It’s only two blocks, but it unexpectedly requires me passing a cantina and it’s Saturday night. I head with as much not-weird speed as possible to the tienda across the street, and buy a “dinner” of chips and rehydrated soup. Some men venture near as I eat the half-cooked noodles, fork scratching, rubbery, at its Styrofoam walls. I pay and hurry home, though I am followed, calls begging my attention in my wake. Monotone, guttural, “Excuse me, baby, excuse me, excuse me, baby.” As always, the words eventually fall away with their owners, but I tie my tent’s interior zippers in double knots anyway. Inside I finally, ravenously, finish Lord of the Flies, finding it the appropriate final inspiration to clutch my knife to my chest as I slide into my sleeping bag. I hear grunts of nearby pigs as a dreamless sleep takes me. 

 I wake up to any sound that can be interpreted as footsteps, but eventually exhaustion grips me so hard that it holds me to the concrete with an otherworldly force. Around 3 am I noticed that my protective light bulb, swinging from its cord above me, has been turned off. Something is different this time, there really are footsteps slowly maneuvering the gravel. But that heaviness of sleep has taken over me and I fail to pull myself up from its depths. The knife is still in my hand but my grip is soft, tingling numbly with dreams. 

 I think I hear the sound of the pigs again but it’s snores. The full moon outlines two feet, gingerly crossed, pressing into the fabric of my tent, where they press rhythmically from the hammock that cradles the rest of their attached body. I consider both violence and sleep and the latter pulls at me, dragging me to the floor of my tent. I fight it feebly. 

 And then come the honks, furious, almost hilarious, as a bus careens through the streets in the dark. But I know I can’t break down my tent fast enough, and that mysterious body is still snoring outside. It’s only 4:30 am so I start packing softly inside, expecting another hour before the next bus. I don’t want to emerge unprotected from my fortress before then. And I time it almost right, but as I sit exposed outside, tent stowed away, the drunk unfolds himself from his hammock, stretches, and croaks, “Buenos días.” I nod, attempting that particular balance of politeness and non-engagement. He squints one eye, leans toward me, lips parted dryly. “Buenos. Días,” he says, drawn out, with force. I nod again, drawn out, with force.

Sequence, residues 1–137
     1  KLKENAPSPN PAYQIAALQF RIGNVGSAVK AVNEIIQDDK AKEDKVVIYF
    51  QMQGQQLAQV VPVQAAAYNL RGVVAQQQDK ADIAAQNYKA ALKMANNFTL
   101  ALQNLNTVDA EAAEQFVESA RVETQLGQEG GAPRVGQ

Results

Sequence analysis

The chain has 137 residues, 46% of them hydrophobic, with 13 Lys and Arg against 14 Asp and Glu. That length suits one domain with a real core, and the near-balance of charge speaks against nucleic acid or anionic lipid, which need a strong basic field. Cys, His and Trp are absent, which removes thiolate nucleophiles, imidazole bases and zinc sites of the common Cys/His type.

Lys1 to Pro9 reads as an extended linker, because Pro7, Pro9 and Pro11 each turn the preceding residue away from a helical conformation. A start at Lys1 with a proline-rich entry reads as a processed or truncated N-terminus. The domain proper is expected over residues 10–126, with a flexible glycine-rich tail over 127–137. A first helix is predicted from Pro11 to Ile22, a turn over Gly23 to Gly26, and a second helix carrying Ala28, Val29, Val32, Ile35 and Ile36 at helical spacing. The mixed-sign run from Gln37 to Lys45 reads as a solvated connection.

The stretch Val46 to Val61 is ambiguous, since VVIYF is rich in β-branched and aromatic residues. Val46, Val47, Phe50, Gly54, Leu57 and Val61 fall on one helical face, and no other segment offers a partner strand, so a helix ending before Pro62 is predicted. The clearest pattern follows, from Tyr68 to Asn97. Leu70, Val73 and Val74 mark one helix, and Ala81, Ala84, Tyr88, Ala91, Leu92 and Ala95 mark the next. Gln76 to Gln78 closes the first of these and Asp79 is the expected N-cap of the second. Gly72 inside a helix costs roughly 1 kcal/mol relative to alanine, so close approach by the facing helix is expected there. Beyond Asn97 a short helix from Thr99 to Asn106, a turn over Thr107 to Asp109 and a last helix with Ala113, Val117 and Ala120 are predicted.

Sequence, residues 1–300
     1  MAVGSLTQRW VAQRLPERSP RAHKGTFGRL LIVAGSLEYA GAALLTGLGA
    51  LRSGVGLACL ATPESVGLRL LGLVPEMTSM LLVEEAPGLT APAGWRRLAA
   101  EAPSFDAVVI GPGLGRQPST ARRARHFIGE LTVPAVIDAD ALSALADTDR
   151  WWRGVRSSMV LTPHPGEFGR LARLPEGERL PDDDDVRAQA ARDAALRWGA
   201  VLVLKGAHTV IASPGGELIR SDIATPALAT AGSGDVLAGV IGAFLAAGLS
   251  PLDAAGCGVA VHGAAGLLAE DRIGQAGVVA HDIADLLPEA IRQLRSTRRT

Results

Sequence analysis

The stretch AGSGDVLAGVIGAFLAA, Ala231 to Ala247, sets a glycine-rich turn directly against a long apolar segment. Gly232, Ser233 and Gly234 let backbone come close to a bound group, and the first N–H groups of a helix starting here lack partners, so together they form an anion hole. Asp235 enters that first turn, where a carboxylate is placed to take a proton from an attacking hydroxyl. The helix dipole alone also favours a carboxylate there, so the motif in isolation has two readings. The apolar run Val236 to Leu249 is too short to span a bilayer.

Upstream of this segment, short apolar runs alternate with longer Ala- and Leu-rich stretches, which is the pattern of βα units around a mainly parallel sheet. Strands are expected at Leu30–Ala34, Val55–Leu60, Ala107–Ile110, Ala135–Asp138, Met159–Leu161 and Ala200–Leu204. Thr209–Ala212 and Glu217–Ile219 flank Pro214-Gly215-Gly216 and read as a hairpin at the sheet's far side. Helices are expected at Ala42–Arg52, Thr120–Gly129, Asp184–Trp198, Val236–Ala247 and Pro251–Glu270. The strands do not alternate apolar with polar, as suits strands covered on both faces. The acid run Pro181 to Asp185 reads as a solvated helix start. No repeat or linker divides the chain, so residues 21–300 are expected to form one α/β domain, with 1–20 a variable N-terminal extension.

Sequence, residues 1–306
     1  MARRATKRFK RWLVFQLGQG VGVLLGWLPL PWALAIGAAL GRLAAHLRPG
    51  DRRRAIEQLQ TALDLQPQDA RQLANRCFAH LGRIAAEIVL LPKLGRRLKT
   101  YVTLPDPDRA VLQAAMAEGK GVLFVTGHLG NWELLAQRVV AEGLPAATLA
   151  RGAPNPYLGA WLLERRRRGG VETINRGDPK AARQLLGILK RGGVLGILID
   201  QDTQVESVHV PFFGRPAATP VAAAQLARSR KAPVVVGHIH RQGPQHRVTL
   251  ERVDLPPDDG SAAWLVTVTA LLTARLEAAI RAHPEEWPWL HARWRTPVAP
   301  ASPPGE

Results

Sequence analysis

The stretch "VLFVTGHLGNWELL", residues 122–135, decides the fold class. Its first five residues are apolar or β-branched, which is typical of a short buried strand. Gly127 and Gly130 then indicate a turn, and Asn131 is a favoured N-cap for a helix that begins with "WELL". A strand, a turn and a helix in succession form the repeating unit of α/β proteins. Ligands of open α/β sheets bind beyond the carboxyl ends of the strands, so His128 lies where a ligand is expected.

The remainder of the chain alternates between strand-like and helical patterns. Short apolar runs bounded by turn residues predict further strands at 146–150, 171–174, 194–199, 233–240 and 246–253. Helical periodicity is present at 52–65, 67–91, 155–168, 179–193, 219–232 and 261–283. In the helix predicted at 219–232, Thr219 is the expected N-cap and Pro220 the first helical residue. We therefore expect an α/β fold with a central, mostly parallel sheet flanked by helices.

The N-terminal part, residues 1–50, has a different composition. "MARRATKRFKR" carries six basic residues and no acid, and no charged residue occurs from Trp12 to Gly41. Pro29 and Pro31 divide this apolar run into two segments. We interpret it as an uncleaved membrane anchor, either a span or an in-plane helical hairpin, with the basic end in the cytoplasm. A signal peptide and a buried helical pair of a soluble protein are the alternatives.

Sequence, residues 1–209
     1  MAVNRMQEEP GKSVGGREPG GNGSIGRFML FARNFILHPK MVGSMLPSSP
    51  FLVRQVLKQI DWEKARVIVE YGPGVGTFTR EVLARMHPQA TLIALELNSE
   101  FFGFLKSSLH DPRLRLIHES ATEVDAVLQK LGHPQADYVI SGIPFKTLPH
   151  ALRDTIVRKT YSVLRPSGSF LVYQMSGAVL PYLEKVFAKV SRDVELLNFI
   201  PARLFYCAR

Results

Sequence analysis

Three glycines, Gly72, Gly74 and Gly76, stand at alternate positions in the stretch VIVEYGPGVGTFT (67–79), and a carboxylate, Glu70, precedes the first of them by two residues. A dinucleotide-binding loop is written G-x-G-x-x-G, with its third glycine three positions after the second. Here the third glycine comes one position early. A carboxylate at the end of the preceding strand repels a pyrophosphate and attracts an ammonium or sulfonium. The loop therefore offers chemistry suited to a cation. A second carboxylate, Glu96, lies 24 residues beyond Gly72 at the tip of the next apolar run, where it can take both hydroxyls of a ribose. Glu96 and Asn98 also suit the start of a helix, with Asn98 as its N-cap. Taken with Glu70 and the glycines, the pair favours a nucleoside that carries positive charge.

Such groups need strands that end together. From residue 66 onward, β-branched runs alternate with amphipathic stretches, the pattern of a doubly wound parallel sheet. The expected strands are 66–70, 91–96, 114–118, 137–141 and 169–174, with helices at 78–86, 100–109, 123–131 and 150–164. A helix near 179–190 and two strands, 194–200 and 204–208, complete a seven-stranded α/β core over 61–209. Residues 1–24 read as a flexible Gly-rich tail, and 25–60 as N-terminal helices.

The man stumbles off around a corner from which a bus emerges mere minutes later in an immense cloud of dust. My hand written ticket remains un-checked in my pocket as I climb on, joining the large number of men already headed toward work. Most of them attempt to sleep as I keep an eye out for the immigration station, which the bus rolls right past after a quick glance proves it empty. My driver informs me that it must be closed and shrugs when I ask if I’ll have trouble without having my passport stamped. I accept there’s nothing to be done except shrug along with him. I wedge my jacket against the window and join in the napping.  

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Mattresses in the Sand

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Mattresses in the Sand

I have long felt that the best thing about living in a place is leaving it. Even if just for a day, some perspective is refreshing. And movement is a catalyst, it activates and invigorates, generating creative energy. I have needed something to combat the stagnation, the sense of lifelessness that has surprised me in this beach "paradise."

On this day, I packed in under twenty minutes, post-surf and pre-breakfast, and I didn't want to go. I'm glad I did. I needed the motion.